Fresh orange juice soap recipe...

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hlecter

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Hi!

Here is my next recipe i wanna try for making a 100% orange juice soap for body and face...
Super Fat/Discount 6 %
Lye Concentration32.0000 %
Fresh orange juice (ice cubes) 5.7 ounces
NaOH 2.7 ounces
oils 20.5 ounces

80% oo pomace 16.4 ounces
12% palm oil 2.5 ounces
8% co 1.6 ounces

2 teaspoons orange mica (pop clementine)
15 ml orange FO (works well on other batches i tried, no acceleration or discolour)

What do you think ?

I ve read on another post that we have to put the SF level high when we working with fresh juices especially citrus and orange juice, so i think i have to put it at 6%... Do i have to go back on 5%?

here is the topic.
http://www.soapmakingforum.com/showthread.php?t=33476
 
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kchaystack

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You actually need to lower your superfat, because citrus juices are very acidic, and will consume some of your caustic, preventing it from creating soap. I am not sure of them amount of citric acid in various juices to calculate how much it will take to neutralize the acid, your SF will be much higher than 6% if you go this route.
 

DeeAnna

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"...put the SF level high when we working with fresh juices especially citrus and orange juice..."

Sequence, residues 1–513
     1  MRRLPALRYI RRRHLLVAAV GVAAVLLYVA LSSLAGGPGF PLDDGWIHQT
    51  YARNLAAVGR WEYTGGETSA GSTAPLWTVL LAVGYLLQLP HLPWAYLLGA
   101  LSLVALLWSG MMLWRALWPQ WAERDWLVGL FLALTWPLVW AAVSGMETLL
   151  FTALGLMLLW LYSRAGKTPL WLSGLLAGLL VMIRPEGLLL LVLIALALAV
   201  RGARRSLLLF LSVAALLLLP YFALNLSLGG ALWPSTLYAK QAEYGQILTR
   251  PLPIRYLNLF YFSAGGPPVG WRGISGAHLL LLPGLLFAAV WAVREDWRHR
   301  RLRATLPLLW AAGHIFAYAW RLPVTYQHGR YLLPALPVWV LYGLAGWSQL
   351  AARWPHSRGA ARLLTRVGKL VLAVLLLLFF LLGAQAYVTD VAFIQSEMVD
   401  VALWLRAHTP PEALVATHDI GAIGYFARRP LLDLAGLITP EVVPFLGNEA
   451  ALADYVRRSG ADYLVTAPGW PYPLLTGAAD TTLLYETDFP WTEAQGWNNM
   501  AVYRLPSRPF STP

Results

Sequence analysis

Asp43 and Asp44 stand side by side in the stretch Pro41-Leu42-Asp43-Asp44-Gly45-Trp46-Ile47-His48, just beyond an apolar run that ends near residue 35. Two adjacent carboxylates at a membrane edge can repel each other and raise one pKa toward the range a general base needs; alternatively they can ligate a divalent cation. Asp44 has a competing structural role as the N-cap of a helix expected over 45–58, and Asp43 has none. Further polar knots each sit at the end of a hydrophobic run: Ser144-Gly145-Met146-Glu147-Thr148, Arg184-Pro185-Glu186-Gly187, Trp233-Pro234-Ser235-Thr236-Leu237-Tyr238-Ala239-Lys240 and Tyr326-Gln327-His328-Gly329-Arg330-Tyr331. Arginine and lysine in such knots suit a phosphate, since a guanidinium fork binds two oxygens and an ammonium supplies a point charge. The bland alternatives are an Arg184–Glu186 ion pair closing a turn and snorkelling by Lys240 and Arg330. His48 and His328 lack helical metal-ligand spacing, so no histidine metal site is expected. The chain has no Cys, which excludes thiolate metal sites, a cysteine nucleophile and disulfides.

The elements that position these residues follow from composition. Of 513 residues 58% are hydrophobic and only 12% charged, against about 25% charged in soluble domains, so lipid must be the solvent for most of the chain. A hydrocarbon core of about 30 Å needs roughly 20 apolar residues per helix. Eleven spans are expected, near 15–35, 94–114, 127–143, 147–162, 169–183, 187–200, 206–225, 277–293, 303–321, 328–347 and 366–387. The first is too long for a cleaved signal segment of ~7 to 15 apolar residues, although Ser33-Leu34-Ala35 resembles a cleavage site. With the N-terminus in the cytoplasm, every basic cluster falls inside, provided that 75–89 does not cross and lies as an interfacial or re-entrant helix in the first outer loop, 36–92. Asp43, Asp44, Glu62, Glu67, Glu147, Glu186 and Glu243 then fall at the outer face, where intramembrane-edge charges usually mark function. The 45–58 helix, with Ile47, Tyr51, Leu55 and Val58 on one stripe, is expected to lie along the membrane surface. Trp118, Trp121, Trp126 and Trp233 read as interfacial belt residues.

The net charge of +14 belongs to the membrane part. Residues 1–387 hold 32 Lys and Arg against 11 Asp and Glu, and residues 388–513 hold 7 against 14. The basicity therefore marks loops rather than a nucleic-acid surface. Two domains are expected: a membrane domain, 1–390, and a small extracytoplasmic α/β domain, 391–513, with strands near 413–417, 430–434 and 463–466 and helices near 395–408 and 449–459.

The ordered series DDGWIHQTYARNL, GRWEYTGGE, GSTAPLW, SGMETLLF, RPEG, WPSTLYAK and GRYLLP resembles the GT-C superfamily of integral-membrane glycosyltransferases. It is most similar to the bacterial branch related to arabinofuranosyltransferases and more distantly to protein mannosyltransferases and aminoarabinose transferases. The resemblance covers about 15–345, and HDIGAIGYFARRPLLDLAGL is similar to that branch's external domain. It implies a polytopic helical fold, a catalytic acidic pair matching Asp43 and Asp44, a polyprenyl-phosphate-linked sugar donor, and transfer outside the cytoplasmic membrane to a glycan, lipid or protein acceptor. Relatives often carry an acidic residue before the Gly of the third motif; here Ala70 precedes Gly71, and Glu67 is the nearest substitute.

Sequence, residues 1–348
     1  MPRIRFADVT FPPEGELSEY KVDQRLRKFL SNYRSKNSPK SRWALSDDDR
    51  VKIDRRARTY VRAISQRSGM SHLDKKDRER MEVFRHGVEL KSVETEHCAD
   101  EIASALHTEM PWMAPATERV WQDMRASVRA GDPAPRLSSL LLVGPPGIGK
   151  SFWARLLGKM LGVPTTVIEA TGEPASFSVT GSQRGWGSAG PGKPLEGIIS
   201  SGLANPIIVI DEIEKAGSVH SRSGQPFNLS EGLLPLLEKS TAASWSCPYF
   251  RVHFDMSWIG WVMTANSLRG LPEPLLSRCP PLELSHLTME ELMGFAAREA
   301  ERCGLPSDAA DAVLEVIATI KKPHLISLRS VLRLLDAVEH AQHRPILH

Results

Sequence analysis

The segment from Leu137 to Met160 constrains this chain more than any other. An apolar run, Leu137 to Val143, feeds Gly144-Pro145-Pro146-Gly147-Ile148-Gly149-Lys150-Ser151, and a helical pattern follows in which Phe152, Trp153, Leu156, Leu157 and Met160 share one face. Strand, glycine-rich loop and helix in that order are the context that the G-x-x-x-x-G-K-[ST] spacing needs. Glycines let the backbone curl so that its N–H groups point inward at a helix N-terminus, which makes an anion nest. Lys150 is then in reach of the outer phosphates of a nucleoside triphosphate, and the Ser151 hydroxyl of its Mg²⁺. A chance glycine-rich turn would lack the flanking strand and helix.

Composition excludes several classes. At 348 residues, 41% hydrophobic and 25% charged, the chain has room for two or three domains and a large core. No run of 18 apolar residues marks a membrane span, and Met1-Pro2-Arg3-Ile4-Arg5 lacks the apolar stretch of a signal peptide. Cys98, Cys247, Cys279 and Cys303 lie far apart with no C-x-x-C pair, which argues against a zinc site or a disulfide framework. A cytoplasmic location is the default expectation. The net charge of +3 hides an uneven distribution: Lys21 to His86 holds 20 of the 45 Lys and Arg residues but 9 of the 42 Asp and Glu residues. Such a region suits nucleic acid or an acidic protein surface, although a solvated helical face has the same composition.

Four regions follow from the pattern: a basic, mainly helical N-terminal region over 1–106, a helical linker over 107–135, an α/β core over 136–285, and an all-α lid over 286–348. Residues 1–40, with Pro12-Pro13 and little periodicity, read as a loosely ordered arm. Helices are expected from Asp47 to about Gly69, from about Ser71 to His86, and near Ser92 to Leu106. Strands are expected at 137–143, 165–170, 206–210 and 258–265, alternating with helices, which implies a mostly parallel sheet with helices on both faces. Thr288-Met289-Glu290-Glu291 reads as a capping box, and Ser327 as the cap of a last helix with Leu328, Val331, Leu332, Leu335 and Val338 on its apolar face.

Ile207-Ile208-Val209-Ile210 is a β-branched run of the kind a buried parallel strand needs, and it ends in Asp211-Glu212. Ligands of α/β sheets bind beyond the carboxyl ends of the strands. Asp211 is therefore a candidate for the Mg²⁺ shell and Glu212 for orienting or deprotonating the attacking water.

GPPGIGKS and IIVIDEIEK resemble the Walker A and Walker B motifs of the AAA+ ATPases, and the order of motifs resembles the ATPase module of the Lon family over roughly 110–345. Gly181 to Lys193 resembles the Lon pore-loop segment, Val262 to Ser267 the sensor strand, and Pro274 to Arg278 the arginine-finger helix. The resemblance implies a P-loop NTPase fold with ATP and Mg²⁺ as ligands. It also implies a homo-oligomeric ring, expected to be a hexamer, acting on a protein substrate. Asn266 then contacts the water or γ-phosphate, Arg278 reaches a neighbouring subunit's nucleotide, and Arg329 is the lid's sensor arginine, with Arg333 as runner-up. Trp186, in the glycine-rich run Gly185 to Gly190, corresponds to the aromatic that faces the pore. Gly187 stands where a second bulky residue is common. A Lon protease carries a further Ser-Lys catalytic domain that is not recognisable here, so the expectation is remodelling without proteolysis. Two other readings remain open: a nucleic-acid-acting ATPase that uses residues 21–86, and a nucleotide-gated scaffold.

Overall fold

The point Siefenblasen was making in her thread is related specifically to using ORANGE juice, not citrus in general. And her advice is not about raising the superfat -- I think you may have misread that.

She said: "...you really need not adjust your superfat when using orange juice as it changes about only 1%...."

She was responding to the practice some people use of reducing the superfat when using OJ in a recipe compared to using water. They were reducing the superfat because the citric acid in the orange juice will consume some of the lye. Her point for OJ is the adjustment isn't necessary -- just use one's normal superfat.

If using juices with a higher citric acid content than OJ, such as lemon juice, Siefenblasen's advice doesn't necessarily apply, especially if you're using the juice to replace most or all of the water. And if you do make an adjustment, you would need to reduce the superfat, not raise it.

My normal advice is to calculate the amount of lye that will be "eaten up" by the added acid and add that extra lye to the recipe. This is the same thing as reducing the superfat -- just another way of looking at the problem.
 

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